Archive for October 19th, 2010
This picture shows the King Street East bow bridge over the Grand River at Freeport with the rail bridge in the foreground. Several of my older patients at Freeport Health Centre have told me stories about the electric rail passenger service between Preston, Freeport and Kitchener-Waterloo which was in operation between 1903 and 1955. It is interesting that discussions about a new light rail transit system are in progress at this time.
Here is an informative website about the history of electric rail passenger service in Waterloo Region. I have copied a couple of paragraphs below.
“In 1894 with the completion of the Galt-Preston line, a charter to build an electric rail line between Preston and Berlin (Kitchener) was granted to Thomas Todd of Galt (President of the G & P), Fred Clare of Preston and J.A. Fennel of Kitchener. For various reasons, the Preston and Berlin Street Railway lay dormant until 1900 when it was reorganized. Construction on the new line began in 1901 at the G, P & H connection at east Preston. From there it followed the G, P & H line to Preston Junction at the entrance to Riverside Park. From there it traveled through Freeport and on to Berlin where it connected with the Berlin and Waterloo Street Railway. The laying of the track was completed by 1902 but initial passenger service on the line was delayed until February 5, 1903. The official opening of the line occurred on August 21, 1903 with normal service in place five days later.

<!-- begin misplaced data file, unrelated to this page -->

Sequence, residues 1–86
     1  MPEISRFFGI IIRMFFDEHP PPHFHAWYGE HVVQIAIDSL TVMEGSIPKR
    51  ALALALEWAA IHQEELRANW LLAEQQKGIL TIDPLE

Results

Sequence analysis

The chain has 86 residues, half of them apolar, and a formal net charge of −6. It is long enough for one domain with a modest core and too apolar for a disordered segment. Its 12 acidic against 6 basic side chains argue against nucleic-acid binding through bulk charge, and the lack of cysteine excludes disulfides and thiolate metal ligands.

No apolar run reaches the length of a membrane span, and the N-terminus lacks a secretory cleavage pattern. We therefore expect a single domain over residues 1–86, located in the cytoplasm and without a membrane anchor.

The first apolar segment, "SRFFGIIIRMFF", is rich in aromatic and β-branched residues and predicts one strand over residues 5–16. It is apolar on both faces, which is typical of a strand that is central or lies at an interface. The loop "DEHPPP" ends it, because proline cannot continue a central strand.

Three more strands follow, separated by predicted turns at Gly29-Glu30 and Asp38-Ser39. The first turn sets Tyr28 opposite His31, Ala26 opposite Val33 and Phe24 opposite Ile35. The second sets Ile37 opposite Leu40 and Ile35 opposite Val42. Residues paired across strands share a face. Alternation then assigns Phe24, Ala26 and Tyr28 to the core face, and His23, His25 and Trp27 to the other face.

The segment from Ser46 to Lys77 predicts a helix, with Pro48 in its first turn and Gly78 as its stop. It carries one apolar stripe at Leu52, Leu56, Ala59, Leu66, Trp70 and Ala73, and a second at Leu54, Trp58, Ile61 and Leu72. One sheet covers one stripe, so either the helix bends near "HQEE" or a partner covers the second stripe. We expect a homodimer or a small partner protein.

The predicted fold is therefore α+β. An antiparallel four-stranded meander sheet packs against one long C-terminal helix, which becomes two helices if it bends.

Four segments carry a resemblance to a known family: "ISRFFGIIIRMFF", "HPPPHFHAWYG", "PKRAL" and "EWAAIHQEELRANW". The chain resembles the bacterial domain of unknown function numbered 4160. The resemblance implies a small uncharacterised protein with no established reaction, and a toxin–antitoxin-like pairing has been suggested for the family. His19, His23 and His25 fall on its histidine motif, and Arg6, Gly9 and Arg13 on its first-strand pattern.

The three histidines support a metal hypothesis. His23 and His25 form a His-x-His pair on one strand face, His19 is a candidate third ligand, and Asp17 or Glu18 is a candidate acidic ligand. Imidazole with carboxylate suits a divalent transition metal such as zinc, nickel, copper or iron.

However, the other modes of transportation began to make inroads into the rail passenger traffic and in April 1950 the Grand River Railway requested permission from the Board of Transport Commissioners to discontinue passenger service. As a result of local protests, the request was refused but business did not improve. In 1955 the company renewed its request to discontinue passenger rail service and this time the request was granted. On April 14, 1955, electric rail passenger service in Cambridge came to an end. Electric freight service continued for a few more years but the end of the local electric rail service same on October 1, 1961 when diesels took over the local freight traffic.”